Fancy making an album with Neil Peart, Keith Emerson or Colin Edwin? Dave Kerzner can arrange that for you, and for only a few hundred dollars.
Though he rose to prominence as a member of Sound Of Contact, keyboardist, songwriter and now vocalist Kerzner has kept body and soul together since the mid-90s with Sonic Reality. He runs this software/sound design company with fellow keyboard whizz Erik Norlander, building up a library of instrumental samples from Peart, Emerson, Edwin and many more major names. Their latest comes from Nick Mason, no less.
“Nick’s drums were recorded for us by Alan Parsons,” Kerzner tells Prog from his offices in Miami, Florida. “I reunited them for the first time since the 70s to recreate that classic Pink Floyd drum sound.”
Sonic Reality’s mission is, Kerzner says, “To honour these musicians in a classy way, and make these sounds accessible to all musicians. If you don’t have a major label and tons of money, there are ways of sounding like you do have that budget.”
Money has been no object on Kerzner’s upcoming star-spangled solo album. He looked to crowd-funding site Kickstarter to finance New World, initially setting a target of $17,000. At the time of press, the total stands near a whopping $32,000, with 600 backers eager to hear the fruits of his labour. “At this point in my life, I’m not going for massive commercial success. I want to make the music I like, but it’s difficult to afford. Go to a label and say, ‘I want to do a 140-minute album,’ they’ll say, ‘Okay! Goodbye!’ But the fans are interested in it. I asked online if they’d prefer a single or double CD and almost everyone said double. So I presented my idea on Kickstarter, played clips, and that’s what made the album possible. It gave me the headroom to do everything without compromise. I’ve kept my backers informed, and the feedback I’ve got is that they love the ride. It’s been an adventure.”
With a guitar solo supplied by Steve Hackett, the 10-minute-plus track Stranded gives a flavour of the album. Kerzner has terraformed a future world that’s atmospheric, conceptual and none-more-prog. Here he casts his lead protagonist out into the desert, and across the record he must trek back to his bio-dome city with seemingly malevolent machines, wise shamans and much soul-searching along the way.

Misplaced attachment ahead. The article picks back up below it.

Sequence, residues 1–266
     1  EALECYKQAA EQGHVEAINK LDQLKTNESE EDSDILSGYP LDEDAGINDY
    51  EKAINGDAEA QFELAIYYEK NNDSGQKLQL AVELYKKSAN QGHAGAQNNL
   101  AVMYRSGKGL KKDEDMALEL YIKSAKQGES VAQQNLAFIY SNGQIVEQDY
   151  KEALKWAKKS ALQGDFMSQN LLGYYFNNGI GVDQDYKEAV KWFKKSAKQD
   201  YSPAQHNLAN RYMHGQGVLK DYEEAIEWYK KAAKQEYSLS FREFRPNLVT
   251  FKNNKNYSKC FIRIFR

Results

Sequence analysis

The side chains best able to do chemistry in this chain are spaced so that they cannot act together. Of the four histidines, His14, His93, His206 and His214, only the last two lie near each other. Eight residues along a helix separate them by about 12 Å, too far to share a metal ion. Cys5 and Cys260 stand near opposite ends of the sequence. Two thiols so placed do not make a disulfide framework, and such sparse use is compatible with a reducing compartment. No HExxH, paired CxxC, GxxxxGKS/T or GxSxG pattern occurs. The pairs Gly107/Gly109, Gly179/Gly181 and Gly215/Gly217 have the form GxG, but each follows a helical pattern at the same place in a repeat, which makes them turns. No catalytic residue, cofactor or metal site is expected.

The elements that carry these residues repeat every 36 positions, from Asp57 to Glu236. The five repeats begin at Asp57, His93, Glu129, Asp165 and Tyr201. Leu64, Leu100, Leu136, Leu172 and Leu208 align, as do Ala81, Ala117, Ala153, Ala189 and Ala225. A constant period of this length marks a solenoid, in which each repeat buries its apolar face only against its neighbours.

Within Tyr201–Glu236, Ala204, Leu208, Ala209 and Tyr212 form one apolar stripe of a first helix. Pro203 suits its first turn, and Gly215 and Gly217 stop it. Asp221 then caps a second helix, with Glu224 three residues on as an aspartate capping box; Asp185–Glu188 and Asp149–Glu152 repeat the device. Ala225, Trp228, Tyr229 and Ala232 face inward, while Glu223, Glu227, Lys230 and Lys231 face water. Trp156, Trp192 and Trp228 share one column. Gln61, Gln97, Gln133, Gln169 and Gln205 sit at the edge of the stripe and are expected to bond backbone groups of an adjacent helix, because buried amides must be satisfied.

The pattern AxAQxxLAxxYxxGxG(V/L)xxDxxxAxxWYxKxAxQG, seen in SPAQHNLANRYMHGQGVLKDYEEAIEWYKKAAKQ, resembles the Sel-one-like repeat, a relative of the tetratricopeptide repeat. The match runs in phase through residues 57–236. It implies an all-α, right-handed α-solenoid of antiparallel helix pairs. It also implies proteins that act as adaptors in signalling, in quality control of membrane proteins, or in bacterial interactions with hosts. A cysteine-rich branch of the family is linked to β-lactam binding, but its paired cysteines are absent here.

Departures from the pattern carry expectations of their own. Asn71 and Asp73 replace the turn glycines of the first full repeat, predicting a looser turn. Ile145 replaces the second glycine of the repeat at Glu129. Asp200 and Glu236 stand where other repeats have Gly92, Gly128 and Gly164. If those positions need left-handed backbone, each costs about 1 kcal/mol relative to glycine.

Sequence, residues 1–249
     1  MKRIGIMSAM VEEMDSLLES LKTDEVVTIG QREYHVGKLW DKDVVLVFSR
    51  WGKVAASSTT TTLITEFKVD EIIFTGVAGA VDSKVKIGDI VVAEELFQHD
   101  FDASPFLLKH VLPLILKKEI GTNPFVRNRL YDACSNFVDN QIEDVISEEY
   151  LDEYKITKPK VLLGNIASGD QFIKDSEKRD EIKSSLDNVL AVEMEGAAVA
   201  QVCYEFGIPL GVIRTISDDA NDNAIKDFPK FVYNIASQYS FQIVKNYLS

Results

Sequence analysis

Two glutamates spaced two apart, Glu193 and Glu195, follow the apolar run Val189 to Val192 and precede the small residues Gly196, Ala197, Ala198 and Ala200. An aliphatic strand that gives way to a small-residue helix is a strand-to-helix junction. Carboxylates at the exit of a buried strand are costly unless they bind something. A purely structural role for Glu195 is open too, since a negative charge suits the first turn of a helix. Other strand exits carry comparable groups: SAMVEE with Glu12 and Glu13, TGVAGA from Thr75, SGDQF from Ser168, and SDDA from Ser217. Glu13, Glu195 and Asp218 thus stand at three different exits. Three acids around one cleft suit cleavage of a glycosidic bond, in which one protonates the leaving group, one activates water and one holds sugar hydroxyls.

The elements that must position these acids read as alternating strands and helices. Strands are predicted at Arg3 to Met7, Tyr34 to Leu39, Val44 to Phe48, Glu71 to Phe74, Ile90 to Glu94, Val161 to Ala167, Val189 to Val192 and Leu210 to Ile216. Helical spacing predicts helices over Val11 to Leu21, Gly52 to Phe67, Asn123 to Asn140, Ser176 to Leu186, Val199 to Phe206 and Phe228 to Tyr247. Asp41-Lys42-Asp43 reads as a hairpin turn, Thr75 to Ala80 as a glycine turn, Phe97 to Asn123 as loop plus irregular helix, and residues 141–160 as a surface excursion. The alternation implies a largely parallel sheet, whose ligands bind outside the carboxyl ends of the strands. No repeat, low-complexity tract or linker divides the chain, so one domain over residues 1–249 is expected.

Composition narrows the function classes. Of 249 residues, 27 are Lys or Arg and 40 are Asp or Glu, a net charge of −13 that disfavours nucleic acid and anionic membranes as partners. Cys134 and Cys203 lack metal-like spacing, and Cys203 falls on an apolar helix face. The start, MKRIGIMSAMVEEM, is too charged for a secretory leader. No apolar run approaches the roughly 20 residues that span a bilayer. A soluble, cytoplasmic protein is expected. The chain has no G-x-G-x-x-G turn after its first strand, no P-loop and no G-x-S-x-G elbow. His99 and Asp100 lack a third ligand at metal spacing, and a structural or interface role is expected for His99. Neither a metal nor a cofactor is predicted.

The result is testament to Kerzner’s keen eye for prog glories past, and also his shrewd engineer’s ear for what today’s tech can bring to the template. “My general thing is to be eclectic. You’ll hear all sorts of stuff: Genesis, Queen, King Crimson, Beatles. I like to think in a way that serves the song, having one foot in nostalgia, one in the modern world.”
It’s his first time as lead vocalist. His pleasing tones perhaps evoke Eric Woolfson in parts, David Gilmour in others, and he’s backed by a bona fide who’s who of prog, no samples required. Talk about the sound of contacts – Kerzner’s address book bulges with names: Hackett, Francis Dunnery, Heather Findlay and Nick D’Virgilio, his former bandmate in the late Kevin Gilbert’s unit, Thud. “Sometimes I wonder, ‘What would Kevin think of this?’ I wrote My Old Friend in my version of his style, his wordplay. I always held him in high regard. He crops up here as a person helping the lead character, like a guardian angel as he goes from darkness to light.”
It’s not hard to find the allegory here, nor the significance of the album’s title. New World marks a fresh start for Kerzner, a hopeful, positive end to a year that began on a sour note in January with the news that he’d officially left Sound Of Contact. After the warm reception for Dimensionaut, their 2013 tour had ended shakily with their July date at Lorelei’s Night Of The Prog festival, where their set was plagued by technical gremlins.